“The weakening of economies in Europe, Japan and elsewhere has reduced demand for construction materials on a global basis.” —ABC Chief Economist Anirban Basu.
Overall, construction materials prices inched higher in July and are up 2 percent year over year, according to the Aug. 15 producer price index (PPI) release by the U.S. Department of Labor. Nonresidential construction materials prices were flat for the month and are just 1.4 percent higher than at the same time one year ago.
“The weakening of economies in Europe, Japan and elsewhere has reduced demand for construction materials on a global basis, helping to offset the impact of geopolitical strife in commodity-rich areas,” said Associated Builders and Contractors Chief Economist Anirban Basu. “Oil and other commodity prices have actually been falling in recent days as additional bad economic news emerges from Germany, France, Italy and other major economies.”
Crude energy materials prices fell 6.3 percent in July and are 1.7 percent lower than one year ago. Natural gas prices fell by 5.7 percent in July and have now fallen in four of the past five months on a monthly basis. On a year-over-year basis, natural gas prices have expanded by more than 10 percent for each month of 2014. Overall, the nation’s final demand prices, as measured by the PPI, expanded by 0.1 percent in July and are up 1.7 percent year over year.
“While the harsh winter helped to lift energy prices during the initial quarter of 2014, a cool and pleasant summer has helped to usher them in the opposite direction,” said Basu. “From a monetary policy perspective, the 1.7 percent year-over-year gain in overall final demand prices bodes well for those who would prefer to see the Federal Reserve continue its soft-on-inflation policymaking. During previous months, final demand price gains were in the range of 2 percent on a year-over-year basis. The July data will help to assuage inflation-related fears.”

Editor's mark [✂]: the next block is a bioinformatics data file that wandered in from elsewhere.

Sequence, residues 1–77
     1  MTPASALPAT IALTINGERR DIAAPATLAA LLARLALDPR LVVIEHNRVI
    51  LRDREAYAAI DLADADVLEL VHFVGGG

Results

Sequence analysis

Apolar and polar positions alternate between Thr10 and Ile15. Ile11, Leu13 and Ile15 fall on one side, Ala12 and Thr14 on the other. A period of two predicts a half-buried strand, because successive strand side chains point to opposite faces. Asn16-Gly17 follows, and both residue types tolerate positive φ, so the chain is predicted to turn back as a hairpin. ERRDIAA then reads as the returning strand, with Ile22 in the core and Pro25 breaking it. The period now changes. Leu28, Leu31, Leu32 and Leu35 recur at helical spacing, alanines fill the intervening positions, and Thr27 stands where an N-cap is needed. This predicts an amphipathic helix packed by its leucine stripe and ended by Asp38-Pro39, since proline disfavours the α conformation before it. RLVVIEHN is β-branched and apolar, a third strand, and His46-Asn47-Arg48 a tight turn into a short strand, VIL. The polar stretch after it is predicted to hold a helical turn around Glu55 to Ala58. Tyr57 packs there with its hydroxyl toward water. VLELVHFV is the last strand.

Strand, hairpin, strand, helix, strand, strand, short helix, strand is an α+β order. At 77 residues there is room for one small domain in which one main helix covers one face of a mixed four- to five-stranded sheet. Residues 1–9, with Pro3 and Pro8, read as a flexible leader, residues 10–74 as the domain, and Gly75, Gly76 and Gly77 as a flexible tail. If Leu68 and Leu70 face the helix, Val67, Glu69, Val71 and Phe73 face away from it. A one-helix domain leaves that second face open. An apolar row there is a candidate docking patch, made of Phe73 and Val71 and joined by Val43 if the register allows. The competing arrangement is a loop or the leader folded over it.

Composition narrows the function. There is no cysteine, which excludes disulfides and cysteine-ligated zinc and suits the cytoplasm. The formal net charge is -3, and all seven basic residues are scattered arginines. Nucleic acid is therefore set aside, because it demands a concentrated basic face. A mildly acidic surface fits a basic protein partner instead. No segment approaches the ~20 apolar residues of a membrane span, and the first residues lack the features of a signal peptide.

The following materials prices increased in July.
· Softwood lumber prices expanded 3.4 percent and are 9.5 percent higher than one year ago.
· Prices for plumbing fixtures expanded 0.9 percent in July and are up 2.8 percent on a year-over-year basis.
· Concrete products prices expanded 0.4 percent in July and are up 3.6 percent on a yearly basis.
· Steel mill products prices rose 0.1 percent for the month and are 3.9 percent higher than one year ago.
· Fabricated structural metal product prices grew 0.2 for the month and have expanded 1.3 percent on a year-over-year basis.
· Nonferrous wire and cable prices grew 0.6 percent on a monthly basis, but are down 0.8 percent from July 2013.
Five of the 11 key construction inputs did not experience price increases for the month.
· Prices for prepared asphalt, tar roofing, and siding declined 4.2 percent for the month and are down 9.1 percent on a year-ago basis.
· Iron and steel prices remained flat in July and are up 3.2 percent from the same time last year.
· Natural gas prices shed 5.7 percent in June but are 16.4 percent higher than one year ago.
· Crude petroleum prices fell 8 percent in July on both a monthly and a yearly basis.
· Crude energy materials prices fell 6.3 percent in July and are 1.7 percent lower year over year.
To view the previous PPI report, click HERE